Monday, May 25, 2015

Ghar, Masoom.

I had bought the cassette from a posh music store on Birhana Road in Kanpur on my thirteenth birthday. This was when Kanpur itself was considered posh, and Lucknow it's sleepy cousin. My uncle had thought I had bought the tape for the famous kiddie song, amused that at thirteen I was still excited about children's music. He ate his words soon after. 

For the next ten years, until I married a music aficionado who introduced me to a lot more music than I had ever heard, the tape remained my friend philosopher and guide. It taught me about love, it taught me about life: between the two albums you had everything from falling in love, to romance, to longing, and of course philosophy (how can you not have a generous dose of philosophy when you have Gulzar writing the songs?). 

It is difficult to pin-point which side was my favourite though. For on one side you had songs like Tujhse naaraaz nahi zindagi  and Do naina ek kahani -- songs that summarise life for you in less than two minutes, on the other you had Aapki aankhon mein kuch and Phir wahi raat hai, songs that are epitome of romanticism. 

Perhaps that is why, at different points in my life, I found myself attached to different songs. When I was dejected I found peace in the throaty voice of Anup Ghoshal -- it seemed as if he was singing Tujhse naaraaz nahi zindagi for me. When I was heartbroken I went back to Do naina ek kahani. How beautifully it tells the story of life: thoda sa badal, thoda sa pani, aur ek kahani -- true what is life but a long story?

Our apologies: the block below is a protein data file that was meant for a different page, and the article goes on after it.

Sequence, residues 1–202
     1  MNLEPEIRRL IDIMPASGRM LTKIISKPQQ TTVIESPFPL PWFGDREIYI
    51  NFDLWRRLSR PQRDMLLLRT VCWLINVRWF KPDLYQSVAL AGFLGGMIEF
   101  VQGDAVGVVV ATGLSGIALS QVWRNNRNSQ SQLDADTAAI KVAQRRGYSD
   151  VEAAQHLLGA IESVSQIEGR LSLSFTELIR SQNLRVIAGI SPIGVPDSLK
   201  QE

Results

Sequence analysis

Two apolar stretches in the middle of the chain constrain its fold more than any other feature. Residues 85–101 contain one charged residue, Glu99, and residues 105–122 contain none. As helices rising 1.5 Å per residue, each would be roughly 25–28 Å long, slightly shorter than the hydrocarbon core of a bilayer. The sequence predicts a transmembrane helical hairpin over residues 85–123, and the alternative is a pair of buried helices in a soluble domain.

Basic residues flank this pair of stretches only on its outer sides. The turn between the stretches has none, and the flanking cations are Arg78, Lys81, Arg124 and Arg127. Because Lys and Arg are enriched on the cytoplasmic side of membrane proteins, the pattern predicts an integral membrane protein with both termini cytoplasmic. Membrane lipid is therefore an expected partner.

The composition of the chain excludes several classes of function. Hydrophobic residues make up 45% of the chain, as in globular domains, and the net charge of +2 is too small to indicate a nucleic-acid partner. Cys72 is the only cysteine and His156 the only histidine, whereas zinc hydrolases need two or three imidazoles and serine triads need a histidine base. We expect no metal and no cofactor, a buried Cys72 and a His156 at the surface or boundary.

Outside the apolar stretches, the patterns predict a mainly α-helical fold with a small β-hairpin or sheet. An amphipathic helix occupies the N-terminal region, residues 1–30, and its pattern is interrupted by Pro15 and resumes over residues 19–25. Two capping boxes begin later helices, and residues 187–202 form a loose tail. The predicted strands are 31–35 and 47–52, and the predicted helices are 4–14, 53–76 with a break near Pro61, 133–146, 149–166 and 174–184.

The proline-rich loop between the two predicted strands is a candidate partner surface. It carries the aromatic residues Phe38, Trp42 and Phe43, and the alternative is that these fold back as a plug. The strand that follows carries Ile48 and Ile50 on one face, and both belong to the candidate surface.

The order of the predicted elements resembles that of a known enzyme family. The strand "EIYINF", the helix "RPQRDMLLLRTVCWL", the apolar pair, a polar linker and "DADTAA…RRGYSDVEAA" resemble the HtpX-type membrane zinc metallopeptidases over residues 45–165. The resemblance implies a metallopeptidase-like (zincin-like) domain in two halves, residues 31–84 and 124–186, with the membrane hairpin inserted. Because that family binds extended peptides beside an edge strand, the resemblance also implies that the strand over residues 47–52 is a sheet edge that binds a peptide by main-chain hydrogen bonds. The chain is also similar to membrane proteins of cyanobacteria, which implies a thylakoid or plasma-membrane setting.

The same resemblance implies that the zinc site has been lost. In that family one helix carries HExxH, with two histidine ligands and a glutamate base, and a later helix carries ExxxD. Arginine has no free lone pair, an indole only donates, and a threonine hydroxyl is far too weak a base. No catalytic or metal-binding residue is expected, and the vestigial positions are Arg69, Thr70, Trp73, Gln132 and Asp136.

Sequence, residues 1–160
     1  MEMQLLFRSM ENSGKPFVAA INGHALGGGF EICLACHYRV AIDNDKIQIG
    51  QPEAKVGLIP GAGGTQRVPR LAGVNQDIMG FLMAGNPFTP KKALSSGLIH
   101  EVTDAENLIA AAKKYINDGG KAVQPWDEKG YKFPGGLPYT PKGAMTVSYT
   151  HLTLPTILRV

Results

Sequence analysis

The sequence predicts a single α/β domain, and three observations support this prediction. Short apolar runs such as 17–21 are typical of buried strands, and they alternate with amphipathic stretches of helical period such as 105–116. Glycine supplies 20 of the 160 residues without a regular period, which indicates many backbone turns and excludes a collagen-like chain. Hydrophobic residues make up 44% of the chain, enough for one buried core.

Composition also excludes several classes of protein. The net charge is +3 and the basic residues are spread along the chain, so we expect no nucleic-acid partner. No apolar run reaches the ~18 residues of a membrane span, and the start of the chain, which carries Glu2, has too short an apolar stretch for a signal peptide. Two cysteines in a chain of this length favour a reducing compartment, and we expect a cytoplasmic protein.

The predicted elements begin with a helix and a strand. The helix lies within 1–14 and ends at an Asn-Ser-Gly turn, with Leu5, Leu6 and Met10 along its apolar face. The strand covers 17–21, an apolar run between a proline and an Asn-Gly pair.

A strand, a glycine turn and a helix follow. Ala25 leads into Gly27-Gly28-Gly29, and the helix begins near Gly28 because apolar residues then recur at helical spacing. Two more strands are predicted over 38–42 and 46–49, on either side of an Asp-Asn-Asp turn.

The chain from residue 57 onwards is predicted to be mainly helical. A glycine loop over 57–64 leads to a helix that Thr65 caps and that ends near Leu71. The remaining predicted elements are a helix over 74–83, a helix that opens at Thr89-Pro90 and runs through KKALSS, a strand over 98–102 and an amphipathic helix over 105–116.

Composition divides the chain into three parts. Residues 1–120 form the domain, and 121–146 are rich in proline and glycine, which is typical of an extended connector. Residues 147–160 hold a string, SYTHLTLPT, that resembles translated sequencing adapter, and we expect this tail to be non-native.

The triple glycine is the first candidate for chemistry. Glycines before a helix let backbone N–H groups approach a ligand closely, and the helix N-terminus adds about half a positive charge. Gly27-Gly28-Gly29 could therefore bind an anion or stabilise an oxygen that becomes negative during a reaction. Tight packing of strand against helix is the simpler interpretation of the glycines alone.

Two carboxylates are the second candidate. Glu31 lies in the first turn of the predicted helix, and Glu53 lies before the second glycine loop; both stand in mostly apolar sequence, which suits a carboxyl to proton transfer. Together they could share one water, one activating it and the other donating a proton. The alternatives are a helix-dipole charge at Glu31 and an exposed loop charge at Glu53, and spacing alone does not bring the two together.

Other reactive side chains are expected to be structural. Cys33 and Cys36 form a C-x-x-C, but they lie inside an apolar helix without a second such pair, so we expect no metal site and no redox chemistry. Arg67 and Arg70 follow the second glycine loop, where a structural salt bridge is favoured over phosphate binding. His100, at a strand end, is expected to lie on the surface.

When I fell in love, which happened quite often, I hummed Aajkal paaon zamin pe nahi padte mere, somethimes smiling, sometimes blushing to myself. When I longed for my love I found peace in Tere bina jiya jaye na (it is another story that I was found singing Do naina.. soon after). In the rare event that my love was realised -- I don't recall it happening more than once -- I indulged in Aapki aankhon me kuch. The song remains one of my all-time favourites and the only Lata Mangeshkar song I can sing well, even now.

The album also taught me about music and poetry. Until then I did not care much for Gulzar or R.D. Burman but from then on, most of my music had both of them in it. It taught me how to sing too: for the longest time whenever I was pestered to sing by my family (I was supposedly a fine singer), I would sing one of the songs from the album.

And then life happened. Suddenly I was uprooted from my comfort zone and planted in a strange place where there was no time for love, romance, philosophy. Life became an endless cycle of work, home, family, chores, and then children followed. Whatever little time remained for music was taken up by husband's love for Kishore Kumar and Asha Bhonsle. Like a good wife, I adapted to his music too. Ghar and Masoon were now like some long forgotten lovers -- I thought of them sometimes, but never felt the need to go back to them. 

Last week, when I found myself alone at home for two full days after a very, very long gap, I was reminded of my long lost love for the album. I promptly pulled my phone out, connected it to husband's Bose and played the album on loop. For the past two days I have been learning life's lessons afresh.

Monday, May 11, 2015

Other Woman